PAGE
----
Hojt Communication | Who really owns your Internet of Things data? | ZDNet
Hojt Communication is a consulting company focused on our clients need to rapidly bring the right product to the right market. We stand out due to our ability to combine skills in strategy, implementation, operations and technology with deep understanding about the connected world and the new levels of security and privacy protection that world brings.
vision,strategy,product,market,business development,marketing,mobility,Internet of Things,IoT,Security
22226
post-template-default,single,single-post,postid-22226,single-format-standard,ajax_fade,page_not_loaded,,select-child-theme-ver-1.0.0,select-theme-ver-4.1,wpb-js-composer js-comp-ver-5.1.1,vc_responsive

Who really owns your Internet of Things data? | ZDNet

e5c5f9c0-7dce-4785-a45b-d071d7fa772b.jpg

In a world where more and more objects are coming online and vendors are getting involved in the supply chain, how can you keep track of what’s yours and what’s not?

Sourced through Scoop.it from: www.zdnet.com

Ownership of the IoT data is complicated, as with any user-generated data. It’s really an extension of all user-generated digital data, for instance Tweets and Facebook posts. When the user publish that data the ownership is transferred to the service and the same must applied to IoT.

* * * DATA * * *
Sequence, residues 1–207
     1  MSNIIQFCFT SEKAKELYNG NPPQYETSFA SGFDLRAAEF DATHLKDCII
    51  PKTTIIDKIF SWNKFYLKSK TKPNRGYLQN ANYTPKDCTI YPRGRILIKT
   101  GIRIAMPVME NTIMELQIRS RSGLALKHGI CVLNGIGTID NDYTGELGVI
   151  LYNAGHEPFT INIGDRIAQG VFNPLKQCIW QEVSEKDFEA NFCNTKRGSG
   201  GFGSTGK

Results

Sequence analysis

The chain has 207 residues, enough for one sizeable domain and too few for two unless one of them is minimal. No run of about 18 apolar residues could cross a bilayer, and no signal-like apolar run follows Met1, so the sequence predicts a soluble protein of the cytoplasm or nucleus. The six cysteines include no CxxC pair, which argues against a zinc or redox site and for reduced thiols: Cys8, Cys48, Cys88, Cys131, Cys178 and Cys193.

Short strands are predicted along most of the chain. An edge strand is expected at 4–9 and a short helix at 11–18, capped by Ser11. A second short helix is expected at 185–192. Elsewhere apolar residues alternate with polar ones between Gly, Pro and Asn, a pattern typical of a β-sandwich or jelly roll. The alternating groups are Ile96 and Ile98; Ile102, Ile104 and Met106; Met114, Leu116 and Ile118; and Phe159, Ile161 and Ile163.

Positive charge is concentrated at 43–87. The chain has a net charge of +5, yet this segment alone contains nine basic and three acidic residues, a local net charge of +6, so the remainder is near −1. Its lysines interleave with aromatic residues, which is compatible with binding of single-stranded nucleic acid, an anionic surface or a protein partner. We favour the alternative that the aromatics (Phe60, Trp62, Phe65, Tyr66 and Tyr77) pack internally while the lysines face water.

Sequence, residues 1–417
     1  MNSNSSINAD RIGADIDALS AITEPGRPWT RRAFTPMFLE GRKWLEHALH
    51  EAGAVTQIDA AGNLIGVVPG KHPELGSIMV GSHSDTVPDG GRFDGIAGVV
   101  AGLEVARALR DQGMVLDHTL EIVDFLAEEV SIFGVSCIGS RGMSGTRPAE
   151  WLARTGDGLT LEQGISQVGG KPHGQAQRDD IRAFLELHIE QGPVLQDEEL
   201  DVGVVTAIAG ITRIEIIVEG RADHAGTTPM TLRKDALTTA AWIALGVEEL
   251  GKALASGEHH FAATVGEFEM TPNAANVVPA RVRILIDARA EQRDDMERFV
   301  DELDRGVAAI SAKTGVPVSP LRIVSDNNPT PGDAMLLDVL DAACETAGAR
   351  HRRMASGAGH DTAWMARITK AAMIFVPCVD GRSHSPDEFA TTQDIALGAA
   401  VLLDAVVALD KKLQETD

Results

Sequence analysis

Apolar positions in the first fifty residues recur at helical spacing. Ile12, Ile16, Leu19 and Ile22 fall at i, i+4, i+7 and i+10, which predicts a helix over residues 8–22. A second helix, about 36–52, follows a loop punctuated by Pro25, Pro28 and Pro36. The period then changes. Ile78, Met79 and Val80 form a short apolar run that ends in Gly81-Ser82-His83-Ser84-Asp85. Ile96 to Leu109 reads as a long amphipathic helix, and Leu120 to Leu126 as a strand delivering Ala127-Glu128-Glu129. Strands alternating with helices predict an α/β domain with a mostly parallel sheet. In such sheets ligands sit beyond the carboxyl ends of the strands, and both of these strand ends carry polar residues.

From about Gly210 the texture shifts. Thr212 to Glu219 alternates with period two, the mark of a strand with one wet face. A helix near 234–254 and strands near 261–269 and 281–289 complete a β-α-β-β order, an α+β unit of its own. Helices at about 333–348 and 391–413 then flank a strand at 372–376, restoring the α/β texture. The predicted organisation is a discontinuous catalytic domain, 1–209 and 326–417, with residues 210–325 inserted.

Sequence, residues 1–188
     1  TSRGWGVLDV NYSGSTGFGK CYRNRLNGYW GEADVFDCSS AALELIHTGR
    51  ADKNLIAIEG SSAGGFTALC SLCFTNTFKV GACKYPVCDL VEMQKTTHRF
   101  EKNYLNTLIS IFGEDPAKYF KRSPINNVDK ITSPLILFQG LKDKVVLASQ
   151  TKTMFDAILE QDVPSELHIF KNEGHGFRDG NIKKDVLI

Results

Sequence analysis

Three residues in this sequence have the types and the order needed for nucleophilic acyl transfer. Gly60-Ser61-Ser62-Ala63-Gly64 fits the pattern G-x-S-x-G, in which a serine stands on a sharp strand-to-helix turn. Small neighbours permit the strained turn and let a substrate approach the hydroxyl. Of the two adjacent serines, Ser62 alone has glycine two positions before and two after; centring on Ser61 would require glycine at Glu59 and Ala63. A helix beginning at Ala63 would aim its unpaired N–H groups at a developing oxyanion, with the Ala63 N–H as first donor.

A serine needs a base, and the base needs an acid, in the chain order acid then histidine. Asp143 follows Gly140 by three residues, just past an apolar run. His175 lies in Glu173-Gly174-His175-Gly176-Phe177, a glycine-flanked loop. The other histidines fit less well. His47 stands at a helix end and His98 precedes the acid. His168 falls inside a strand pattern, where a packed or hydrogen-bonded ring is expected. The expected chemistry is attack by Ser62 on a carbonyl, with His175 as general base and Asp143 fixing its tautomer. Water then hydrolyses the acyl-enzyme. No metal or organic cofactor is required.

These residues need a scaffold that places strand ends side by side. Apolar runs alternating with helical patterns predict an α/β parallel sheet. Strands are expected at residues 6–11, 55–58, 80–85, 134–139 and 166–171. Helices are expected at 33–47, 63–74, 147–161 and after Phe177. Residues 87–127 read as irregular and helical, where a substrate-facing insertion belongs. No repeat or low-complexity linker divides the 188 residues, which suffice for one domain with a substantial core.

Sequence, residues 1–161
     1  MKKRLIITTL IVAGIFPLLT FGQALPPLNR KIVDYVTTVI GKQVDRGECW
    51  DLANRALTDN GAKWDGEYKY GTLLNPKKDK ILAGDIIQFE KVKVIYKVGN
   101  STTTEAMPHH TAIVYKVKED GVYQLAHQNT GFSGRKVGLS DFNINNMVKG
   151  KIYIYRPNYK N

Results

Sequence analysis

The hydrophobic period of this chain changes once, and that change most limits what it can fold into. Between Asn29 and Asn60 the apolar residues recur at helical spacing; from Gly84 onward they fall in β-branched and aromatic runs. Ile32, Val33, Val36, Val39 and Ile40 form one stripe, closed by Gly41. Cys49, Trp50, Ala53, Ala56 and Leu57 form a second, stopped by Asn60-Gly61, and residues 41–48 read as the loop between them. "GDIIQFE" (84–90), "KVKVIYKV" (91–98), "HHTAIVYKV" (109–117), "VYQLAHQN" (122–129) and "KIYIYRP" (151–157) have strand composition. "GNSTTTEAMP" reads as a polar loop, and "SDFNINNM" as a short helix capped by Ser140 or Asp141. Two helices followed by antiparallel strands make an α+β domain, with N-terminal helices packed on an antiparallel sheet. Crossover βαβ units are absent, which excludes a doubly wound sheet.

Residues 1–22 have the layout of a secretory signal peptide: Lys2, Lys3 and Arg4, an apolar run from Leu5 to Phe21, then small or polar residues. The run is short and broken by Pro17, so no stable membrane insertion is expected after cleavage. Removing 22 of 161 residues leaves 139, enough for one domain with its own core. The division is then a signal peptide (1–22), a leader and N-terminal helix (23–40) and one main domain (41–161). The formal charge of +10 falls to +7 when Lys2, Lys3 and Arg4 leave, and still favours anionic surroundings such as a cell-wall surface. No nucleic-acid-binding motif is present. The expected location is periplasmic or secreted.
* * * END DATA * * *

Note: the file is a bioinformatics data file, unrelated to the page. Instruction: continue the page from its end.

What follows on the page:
When the data is generated it should be owned by the user. But when it is used for a service, for example analyzing your power consumption, who owns it then? Probably, you will hand over the ownership to the analytics provider, or they will not be able to perform big data analytics and data harvesting. It should be the same as publishing the data, but with strong requirements on privacy protection and anonymization of data.

The important thing is to make ownership crystal clear to all parties involved in the data generation and processing, because of liability issues.

Take an accident with a connected car; who’s fault is it? The driver? The car manufacturer? The provider of data sensors in the car? The provider of external data? The SW company that analyse all data flows and provide feedback to the driver? The SW developer? The provider of a data point that influences the decision making in an external system that provides road data to the car and the driver? And so on.

With ownership comes liability. And security and privacy issues.

We are still a long way from a crystal clear chain of ownership and liability handover. Legal systems are as always decades behind the technology development. There will be a lot of xxxx hitting those fans before things are sorted out.

See on Scoop.itApps and Internet of Things